Le Beaujolais nouveau est arrivé
So proclaimed the bright sign above a stack of haphazard, half-emptied wine crates in the middle of the floor of our local supermarché. An elderly couple were busily cross-questioning a shop assistant about the characteristics of the 2 wines on display, Gaillac primeur and Beaujolais nouveau.
“what are the dominant fruit notes? Citrus? Banana? Lychee?!?”
“is it good enough to keep until after Christmas?”
“has it been an exceptional year, as the experts are saying?”
“has it nearly sold out?”
Naturally my curiosity has been aroused and I pick up a prettily painted bottle decorated with an eye-catching fruit design. This bottle of wine is extremely reasonably priced at just over 3 euros and there are still a few bottles of the more expensive Georges Duboeuf Beaujolais nouveau with its colourful red, white and blue abstract design on the label and foil. The couple have finished grilling the shop assistant and are now rapidly filling their trolley with bottle after bottle of the purplish-pinkish new wine. I instinctively grasp my bottle tightly to my chest and try to attract Jeff's attention.
“OK”, he says, “let's try some of each” (there is red and rosé on offer).
Beaujolais nouveau is released on the third Thursday of every November at midnight amid much ceremony and media hype. It is a young wine made from Gamay grapes which have been aged for a mere six weeks before being bottled. Beaujolais is produced in 72 villages in a region south of Burgundy. The wine is meant to be drunk immediately (many believe it should be consumed before Christmas) and it is generally felt that it should not be kept for more than a year at most. Many traditions have developed all over France in honour of the release of the most famous of the “vins de primeur”, with the biggest festival taking place in Beaujeu, the capital of the Beaujolais region. The town hosts a party called Sarmentelles (named after sarments de vigne which are burned prior to the grand midnight unveiling).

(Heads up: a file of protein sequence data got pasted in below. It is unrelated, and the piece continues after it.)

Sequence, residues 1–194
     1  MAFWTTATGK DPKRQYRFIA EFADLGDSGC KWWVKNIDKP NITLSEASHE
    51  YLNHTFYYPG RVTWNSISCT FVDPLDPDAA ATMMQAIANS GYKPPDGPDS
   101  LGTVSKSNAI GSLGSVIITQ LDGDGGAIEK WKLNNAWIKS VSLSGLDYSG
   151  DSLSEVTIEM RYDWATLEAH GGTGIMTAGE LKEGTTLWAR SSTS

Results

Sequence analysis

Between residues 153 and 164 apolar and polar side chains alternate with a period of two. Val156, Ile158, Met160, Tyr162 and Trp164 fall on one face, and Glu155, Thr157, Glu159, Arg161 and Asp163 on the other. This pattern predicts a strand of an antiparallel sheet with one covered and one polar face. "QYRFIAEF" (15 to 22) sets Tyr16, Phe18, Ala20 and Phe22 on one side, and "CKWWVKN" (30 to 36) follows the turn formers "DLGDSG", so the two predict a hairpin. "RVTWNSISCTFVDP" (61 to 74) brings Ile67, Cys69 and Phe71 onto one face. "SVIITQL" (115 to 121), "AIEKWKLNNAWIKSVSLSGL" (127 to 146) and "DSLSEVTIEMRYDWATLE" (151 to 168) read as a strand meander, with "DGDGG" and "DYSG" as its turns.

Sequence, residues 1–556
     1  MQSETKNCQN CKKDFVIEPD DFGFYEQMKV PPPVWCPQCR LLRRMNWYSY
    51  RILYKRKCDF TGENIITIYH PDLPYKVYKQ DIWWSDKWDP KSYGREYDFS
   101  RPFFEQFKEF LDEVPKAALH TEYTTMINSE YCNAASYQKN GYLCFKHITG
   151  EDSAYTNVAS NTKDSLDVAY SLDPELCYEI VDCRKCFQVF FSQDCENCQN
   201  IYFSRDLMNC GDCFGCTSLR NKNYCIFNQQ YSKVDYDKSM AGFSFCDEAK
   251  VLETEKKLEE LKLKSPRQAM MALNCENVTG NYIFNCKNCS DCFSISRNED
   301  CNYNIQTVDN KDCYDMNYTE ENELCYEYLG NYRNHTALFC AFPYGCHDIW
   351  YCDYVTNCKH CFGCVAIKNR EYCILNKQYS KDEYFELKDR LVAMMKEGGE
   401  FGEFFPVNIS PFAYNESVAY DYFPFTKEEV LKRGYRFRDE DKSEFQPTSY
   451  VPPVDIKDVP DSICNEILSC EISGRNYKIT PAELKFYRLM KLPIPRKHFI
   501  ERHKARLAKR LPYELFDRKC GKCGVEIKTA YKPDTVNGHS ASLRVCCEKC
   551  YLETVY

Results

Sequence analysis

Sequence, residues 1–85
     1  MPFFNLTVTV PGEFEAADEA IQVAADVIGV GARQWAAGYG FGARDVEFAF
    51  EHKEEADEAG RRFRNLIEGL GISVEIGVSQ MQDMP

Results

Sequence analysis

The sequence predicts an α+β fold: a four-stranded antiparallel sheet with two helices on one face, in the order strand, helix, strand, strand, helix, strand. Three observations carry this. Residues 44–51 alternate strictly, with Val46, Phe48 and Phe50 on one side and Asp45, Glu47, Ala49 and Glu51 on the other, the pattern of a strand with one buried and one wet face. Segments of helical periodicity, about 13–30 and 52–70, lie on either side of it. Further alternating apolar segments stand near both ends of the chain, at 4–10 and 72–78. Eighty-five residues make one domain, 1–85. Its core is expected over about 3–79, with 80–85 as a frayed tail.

Le Beaujolais nouveau est arrivé promotional poster
(taken from http://www.ladepeche.fr/article/2010/11/14/947805-Lancement-du-Beaujolais-Nouveau-2010-jeudi-a-minuit.html)
Beaujolais nouveau is not without its critics however. Some regard it as being of variable quality, over-hyped and little more than a slightly fizzy grape juice. In fact FrenchTribune.com reported that sales have almost halved in the past five years to around 36 million bottles in 2010. Large scale media events like the Beaujolais Run, which is in its 38th year and was flagged off by Nigel Mansell OBE at Brands Hatch this year, appear to be having a negative effect on the wine's popularity. It is quite surprising therefore that 2010 has been hailed as a good year. Bertrand Chatelet, directeur de l'Institut de recherche dédié à l'étude des vins du Beaujolais, has described the cuvée 2010 as “très aromatique et colorée avec des dominantes de fraise des bois, framboise et groseille”. I have to report that we were quite impressed with our bottle and returned the following day to purchase a few more bottles only to find that Intermarché and Super-U had completely sold out. Beaujolais nouveau est arrivé et parti... We're going to have to go on our own Beaujolais run a bit earlier next year!